With the country in the midst of a dengue outbreak, the Chief Medical Officer (CMO) in the Ministry of Health, Dr. Jacqueline Bisasor-McKenzie, is urging public support for the Ministry’s vector control programme.
The programme is aimed at containing and reducing the spread of the vector-borne disease.
Bisasor-McKenzie, notes that while the Ministry heightens interventions such as fogging, clean-up activities and citizen sensitisation to reduce the prevalence of the Aedes aegypti mosquito, which transmits the disease, public participation is equally critical in curtailing breeding of the vector.
Dr. Bisasor-McKenzie, who emphasised that the disease is “preventable”, argued that “if we can rid our vicinities of all of the breeding sites, then we can decrease the likelihood of [contracting] dengue”.
She was speaking at a recent press briefing at the Ministry’s New Kingston offices.
Dr. Bisasor-McKenzie noted that the mosquito, which has a life span averaging two to four weeks, thrives in damp or wet conditions.
These, she points out, include areas where water accumulates and containers in which the amenity is stored but not properly monitored.
Against this background, the Ministry urges persons to take the following precautionary measures:
• Cover stored water
• Regularly empty and clean containers in which water has accumulated or is being stored
• Punch holes in containers being discarded
• Properly discard refuse that has accumulated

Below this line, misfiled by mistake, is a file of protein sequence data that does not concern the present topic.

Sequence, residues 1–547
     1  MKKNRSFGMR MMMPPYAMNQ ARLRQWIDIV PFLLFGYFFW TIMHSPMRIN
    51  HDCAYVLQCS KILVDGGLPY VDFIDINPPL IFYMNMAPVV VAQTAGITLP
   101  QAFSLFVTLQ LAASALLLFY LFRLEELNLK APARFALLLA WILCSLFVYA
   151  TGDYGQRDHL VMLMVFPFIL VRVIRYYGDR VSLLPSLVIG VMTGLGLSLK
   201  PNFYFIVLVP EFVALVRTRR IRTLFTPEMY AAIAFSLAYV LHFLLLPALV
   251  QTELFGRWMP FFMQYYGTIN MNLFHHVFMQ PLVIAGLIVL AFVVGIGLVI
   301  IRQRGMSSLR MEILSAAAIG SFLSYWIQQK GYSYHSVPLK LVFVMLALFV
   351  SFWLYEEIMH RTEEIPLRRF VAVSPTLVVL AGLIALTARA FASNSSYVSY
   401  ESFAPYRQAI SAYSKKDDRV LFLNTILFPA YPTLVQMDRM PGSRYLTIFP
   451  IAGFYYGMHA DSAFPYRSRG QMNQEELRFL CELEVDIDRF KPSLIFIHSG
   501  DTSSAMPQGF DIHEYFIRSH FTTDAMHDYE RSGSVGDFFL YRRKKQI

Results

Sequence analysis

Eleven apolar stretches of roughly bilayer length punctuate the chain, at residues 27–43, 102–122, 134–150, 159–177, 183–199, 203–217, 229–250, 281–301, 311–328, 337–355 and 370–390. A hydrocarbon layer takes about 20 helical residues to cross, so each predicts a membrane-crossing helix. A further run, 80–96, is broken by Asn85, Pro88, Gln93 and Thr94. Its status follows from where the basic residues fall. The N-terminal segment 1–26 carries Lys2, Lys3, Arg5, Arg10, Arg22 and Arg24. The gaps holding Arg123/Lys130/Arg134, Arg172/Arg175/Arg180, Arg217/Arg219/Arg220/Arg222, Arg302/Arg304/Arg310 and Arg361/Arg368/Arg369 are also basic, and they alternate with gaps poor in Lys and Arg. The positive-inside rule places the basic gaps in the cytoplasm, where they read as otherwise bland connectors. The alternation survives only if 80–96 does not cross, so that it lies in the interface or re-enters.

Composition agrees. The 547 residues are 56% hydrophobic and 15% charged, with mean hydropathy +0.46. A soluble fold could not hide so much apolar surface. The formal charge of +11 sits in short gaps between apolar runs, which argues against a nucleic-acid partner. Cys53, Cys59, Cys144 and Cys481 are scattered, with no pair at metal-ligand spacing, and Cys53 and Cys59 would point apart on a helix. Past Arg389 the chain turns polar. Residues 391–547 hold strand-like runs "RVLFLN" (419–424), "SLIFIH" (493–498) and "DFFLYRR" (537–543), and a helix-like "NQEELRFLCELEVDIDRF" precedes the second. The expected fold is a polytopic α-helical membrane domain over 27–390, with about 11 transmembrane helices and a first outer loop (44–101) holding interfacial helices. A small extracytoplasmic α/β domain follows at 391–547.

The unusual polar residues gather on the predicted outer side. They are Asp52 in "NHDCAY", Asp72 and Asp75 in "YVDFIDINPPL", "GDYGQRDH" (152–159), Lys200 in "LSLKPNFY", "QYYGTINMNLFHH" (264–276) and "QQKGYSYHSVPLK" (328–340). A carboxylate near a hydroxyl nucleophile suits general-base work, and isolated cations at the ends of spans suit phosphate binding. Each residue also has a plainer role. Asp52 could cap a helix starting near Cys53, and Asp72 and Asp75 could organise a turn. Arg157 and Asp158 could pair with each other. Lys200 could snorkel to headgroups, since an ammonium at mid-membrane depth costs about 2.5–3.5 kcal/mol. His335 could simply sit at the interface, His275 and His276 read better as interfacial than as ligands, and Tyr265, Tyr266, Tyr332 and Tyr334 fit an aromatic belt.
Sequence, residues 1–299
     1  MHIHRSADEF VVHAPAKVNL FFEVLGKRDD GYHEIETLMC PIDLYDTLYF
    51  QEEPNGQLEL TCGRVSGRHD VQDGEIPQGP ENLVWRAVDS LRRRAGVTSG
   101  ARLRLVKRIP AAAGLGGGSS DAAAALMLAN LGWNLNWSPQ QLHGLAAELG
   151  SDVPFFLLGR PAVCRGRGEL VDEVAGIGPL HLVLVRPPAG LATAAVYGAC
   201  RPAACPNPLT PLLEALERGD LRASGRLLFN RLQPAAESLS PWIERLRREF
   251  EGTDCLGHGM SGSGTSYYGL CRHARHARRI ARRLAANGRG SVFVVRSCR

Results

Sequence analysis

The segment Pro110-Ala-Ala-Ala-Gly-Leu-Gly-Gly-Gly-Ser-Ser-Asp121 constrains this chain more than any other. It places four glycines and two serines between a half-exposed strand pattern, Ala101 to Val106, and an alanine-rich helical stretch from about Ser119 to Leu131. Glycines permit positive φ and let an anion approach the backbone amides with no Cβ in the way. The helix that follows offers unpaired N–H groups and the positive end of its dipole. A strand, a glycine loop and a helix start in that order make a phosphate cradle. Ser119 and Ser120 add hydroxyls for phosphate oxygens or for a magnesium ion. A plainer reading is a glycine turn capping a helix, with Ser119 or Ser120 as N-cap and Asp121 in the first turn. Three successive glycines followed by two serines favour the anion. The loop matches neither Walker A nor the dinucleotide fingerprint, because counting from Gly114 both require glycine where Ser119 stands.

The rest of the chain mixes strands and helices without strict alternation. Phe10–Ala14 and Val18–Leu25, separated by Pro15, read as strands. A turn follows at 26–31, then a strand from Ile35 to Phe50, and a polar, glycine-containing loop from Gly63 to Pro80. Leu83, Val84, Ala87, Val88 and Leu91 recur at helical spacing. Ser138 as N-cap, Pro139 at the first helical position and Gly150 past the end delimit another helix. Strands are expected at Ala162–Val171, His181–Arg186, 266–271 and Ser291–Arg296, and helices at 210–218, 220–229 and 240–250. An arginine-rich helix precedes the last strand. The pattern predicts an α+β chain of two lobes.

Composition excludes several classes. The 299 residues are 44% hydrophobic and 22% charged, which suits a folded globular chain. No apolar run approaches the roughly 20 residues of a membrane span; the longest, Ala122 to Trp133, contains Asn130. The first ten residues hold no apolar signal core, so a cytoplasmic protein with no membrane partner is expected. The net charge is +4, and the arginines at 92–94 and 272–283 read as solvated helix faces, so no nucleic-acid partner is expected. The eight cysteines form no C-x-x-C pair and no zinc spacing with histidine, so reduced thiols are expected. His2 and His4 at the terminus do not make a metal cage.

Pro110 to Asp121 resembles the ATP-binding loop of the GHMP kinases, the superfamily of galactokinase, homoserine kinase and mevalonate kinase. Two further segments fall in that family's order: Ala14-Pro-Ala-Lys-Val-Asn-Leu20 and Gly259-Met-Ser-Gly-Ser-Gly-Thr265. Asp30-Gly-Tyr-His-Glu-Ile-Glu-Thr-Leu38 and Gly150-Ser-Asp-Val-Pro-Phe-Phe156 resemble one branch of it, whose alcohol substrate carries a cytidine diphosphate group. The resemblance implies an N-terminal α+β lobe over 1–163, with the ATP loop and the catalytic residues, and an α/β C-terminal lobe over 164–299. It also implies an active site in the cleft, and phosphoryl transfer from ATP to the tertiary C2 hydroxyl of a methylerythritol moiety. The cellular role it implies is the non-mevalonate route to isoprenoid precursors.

• Keep grass and shrubbery, which can provide havens for mosquitoes, low
• Protect yourselves by wearing long sleeves, especially at dusk and dawn when mosquitoes are most likely to be active, and
• Use mosquito netting and insect repellents frequently as directed on the containers.
Health Minister Dr Christopher Tufton told the House of Representatives on Tuesday that up to January 3, there were some 830 suspected or presumed cases of dengue across the island. Of that number, 23 have been confirmed.
The Minister warned that there was likely to be an increase in the number of cases throughout January, before the numbers taper off by March.
He declared the outbreak on January 3, after 123 dengue cases were reported across the island in December, surpassing the epidemic threshold of 96 for that month. He told the House that December was the only month in 2018 that surpassed the threshold for an outbreak to be declared.
In its response, the Health Ministry has allocated $250 million to the response programme and has moved to recruit an additional 500 vector control workers.
Tufton also said clinical staff have been re-sensitised about the management of dengue; emergency departments at hospitals have been bolstered by increased clinical and administrative staff; and sensitisation of all doctors, both private and public, has been conducted.
“The ministry is also increasing available hospital beds by providing the support to open unused wards at St Joseph’s and National Chest hospitals, and we now have extended opening hours at various health centres in anticipation of increased demand on the system,” Tufton said.
He said that an extended public education campaign – launched in May with the observation of Mosquito Awareness Week – has also commenced, and will continue in the coming weeks.
However, the Minister’s statement to the House did not sit well with the Opposition Spokesman on Health, Dr Dayton Campbell, who insisted that Tufton should have been more proactive ahead of declaring an outbreak, as this could have helped to mitigate the challenging situation.